Monetary Funds annual publication of the IMF Exchange arrangements and Exchange
restrictions (for examples see Quinn 1997, Lee and Jayadev 2005, Mody and Murshid
2001). We use the Mody and Murshid index which extends the IMF analysis to 1998. The
measure ranges from 1-4 with 1 being the least open and 4 being the most open as measured
by existing restrictions on capital inflows and outflows in all international accounts.
The degree of government involvement in the economy is proxied using two variables: the
budget deficit (from the Government Financial Statistics) and the Government Share of
GDP (from the Penn World Tables 6.1). Our priors are not clear for either. For example, the
general presumption has been that rentiers have opposed budget deficits as inflationary,
although budget deficits also represent a risk free source of returns to them, especially if real
interest rates are positive.
In order to capture changes in the general political structure, we use a measure of the
political orientation of the government as developed by Beck et al (2001) which codes
governments as left leaning, centrist or right-leaning. We code a variable RIGHTWING as
having values 1, 2 and 3 is if it left leaning, centrist or right leaning respectively.
We utilize variables on the financial structure of the economy from Beck, Demirguc-Kunt
and Levine (1999). We look specifically at two types of variables. The first measures
banking activity in general and indicates the ratio of deposits to GDP. This has been a
common measure of the depth of the financial system. We also use the ratio of central bank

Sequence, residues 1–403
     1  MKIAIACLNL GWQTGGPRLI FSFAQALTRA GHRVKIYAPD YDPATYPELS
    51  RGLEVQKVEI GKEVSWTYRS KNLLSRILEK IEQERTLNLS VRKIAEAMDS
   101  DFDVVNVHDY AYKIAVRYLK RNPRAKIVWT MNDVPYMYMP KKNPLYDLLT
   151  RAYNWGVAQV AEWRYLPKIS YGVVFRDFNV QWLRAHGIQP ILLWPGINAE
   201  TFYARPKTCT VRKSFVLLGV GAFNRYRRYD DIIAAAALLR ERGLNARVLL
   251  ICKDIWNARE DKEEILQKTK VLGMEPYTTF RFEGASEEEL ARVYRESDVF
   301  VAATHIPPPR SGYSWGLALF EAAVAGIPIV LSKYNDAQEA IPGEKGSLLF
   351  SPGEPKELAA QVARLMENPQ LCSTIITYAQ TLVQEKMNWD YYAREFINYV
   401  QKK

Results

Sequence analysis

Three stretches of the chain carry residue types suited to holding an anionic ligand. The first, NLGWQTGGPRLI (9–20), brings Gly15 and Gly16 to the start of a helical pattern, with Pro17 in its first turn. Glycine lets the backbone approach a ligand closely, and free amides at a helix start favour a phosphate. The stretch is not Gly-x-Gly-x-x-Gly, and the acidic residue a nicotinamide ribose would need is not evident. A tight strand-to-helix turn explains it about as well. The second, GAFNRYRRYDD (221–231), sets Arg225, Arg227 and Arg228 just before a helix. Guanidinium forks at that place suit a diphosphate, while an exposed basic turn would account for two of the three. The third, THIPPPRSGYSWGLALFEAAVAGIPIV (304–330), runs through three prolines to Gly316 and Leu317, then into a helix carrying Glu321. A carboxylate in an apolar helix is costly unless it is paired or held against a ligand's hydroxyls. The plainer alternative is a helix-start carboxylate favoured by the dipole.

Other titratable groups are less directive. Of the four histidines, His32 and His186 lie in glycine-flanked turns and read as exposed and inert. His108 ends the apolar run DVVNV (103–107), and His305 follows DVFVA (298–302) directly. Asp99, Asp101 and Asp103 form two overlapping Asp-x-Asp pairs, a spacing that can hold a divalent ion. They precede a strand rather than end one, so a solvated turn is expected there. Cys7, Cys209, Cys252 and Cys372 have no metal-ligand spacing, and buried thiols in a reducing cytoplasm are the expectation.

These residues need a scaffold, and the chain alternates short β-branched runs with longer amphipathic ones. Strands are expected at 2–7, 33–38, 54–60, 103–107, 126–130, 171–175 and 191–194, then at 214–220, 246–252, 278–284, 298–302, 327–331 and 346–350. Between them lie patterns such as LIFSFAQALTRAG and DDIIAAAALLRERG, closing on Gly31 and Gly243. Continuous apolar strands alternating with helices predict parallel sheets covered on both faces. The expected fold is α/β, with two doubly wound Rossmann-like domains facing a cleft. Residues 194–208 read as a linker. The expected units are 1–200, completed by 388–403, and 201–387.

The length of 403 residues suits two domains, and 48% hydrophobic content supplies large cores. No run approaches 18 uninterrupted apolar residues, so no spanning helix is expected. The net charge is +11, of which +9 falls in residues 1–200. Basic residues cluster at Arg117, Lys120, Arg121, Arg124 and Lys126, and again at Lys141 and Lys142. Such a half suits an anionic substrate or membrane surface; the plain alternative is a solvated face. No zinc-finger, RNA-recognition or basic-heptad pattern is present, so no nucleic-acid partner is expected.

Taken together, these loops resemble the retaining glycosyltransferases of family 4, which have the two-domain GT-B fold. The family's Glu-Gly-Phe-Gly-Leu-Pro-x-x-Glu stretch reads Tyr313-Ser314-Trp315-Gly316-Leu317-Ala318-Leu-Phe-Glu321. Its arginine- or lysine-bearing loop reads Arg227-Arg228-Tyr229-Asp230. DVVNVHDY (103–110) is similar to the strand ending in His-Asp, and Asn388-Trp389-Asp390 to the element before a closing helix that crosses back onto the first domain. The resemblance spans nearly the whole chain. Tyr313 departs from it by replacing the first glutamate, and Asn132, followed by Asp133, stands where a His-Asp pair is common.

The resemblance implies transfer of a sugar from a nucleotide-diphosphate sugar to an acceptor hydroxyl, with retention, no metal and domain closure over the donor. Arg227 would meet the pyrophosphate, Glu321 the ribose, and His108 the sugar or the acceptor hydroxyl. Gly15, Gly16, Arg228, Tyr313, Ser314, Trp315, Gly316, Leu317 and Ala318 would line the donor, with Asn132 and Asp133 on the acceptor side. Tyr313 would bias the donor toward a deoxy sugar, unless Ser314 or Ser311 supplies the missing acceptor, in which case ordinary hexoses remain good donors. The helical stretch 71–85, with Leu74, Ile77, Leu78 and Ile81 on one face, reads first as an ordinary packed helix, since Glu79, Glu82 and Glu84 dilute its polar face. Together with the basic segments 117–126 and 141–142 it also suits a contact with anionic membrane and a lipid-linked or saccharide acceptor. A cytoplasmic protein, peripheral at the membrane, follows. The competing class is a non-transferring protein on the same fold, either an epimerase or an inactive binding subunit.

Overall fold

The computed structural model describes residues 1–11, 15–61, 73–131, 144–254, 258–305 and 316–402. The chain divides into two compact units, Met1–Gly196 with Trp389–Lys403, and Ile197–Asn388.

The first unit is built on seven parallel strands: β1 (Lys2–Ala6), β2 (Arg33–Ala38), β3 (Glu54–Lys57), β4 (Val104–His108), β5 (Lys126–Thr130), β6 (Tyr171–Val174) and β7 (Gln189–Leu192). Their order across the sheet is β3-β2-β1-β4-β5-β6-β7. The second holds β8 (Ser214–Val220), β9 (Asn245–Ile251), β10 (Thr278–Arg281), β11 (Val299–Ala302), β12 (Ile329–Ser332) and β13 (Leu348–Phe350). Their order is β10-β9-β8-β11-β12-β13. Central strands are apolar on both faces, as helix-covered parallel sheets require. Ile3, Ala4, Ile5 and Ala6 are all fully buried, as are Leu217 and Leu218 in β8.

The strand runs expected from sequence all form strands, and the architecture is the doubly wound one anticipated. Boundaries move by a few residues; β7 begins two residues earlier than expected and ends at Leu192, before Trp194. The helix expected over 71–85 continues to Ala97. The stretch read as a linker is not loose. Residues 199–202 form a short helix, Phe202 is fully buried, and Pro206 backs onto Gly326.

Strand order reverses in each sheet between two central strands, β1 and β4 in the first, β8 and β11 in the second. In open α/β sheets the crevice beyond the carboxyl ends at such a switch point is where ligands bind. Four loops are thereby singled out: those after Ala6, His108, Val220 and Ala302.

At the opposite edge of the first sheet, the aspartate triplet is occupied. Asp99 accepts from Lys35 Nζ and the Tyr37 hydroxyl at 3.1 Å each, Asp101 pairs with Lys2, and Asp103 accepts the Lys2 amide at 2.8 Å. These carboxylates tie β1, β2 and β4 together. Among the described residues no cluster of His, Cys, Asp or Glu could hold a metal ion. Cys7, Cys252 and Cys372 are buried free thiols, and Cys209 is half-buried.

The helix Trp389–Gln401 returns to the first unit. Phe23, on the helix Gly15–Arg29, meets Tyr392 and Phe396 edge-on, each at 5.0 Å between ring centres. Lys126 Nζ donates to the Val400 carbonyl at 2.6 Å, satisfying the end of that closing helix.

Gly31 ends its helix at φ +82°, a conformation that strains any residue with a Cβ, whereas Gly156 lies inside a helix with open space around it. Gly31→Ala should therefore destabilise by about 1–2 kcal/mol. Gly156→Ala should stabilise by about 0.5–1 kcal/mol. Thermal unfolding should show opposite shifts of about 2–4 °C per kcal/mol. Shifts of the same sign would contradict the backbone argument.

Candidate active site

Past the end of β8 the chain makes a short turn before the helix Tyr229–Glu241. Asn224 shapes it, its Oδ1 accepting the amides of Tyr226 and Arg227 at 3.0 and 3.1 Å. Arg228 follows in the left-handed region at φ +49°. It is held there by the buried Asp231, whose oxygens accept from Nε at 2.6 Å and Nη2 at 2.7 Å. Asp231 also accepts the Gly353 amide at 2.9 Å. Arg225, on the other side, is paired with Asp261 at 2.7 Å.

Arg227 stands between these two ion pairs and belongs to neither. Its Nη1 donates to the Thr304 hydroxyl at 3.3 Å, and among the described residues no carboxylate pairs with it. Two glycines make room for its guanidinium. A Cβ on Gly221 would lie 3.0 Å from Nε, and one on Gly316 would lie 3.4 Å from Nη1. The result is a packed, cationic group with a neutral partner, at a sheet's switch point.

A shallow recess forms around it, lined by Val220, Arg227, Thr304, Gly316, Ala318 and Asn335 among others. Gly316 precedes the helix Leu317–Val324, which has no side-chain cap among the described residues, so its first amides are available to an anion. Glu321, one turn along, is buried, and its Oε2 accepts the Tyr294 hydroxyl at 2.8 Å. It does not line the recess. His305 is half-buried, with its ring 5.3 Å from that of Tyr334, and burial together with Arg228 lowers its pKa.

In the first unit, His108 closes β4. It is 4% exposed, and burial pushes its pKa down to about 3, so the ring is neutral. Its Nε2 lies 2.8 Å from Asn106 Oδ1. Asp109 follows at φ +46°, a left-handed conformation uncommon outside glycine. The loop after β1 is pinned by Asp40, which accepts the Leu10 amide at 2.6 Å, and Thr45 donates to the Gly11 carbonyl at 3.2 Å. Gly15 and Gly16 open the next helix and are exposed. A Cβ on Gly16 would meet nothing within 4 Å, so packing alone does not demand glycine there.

assets to GDP as an inverse measure of the degree of financial sophistication. The
presumption in this case would be that the more financially developed an economy is, the
larger is the proportion of assets held in the private financial system, and therefore, the

lower the ratio of central bank assets to GDP. These variables are designed to control for the
commonsensical idea that as the economy becomes more financialized, we would expect
the rentier return to increase simply as a function of an increase in that sector's economic
activity, independently of the other policy and power variations that we study.

Econometric Results
Our dataset is relatively limited, containing 292 observations across 14 countries for the
period 1960-1996. This is a relatively small sample at the outset and given that the
independent variables are unevenly distributed, adding independent reduces the sample size
available and that raises the standard errors. We begin therefore by specifying a base
equation in which we regress the rentier return on a trend variable and then sequentially add
controls in the order that keeps the sample size as large as possible. The results are shown
in table 4.
Some consistent results do emerge across specifications. First, the trend variable is positive
and significant across all specifications suggesting some unexplained and persistent time
effects on the rentier return.
Across all specifications, the coefficient on the proxy for relative capital endowmentsproxied by real GDP per worker is negative. This suggests that one important factor
determining rentier returns is changes in endowments: increases in the GDP per worker are
associated with a fall in rentier returns.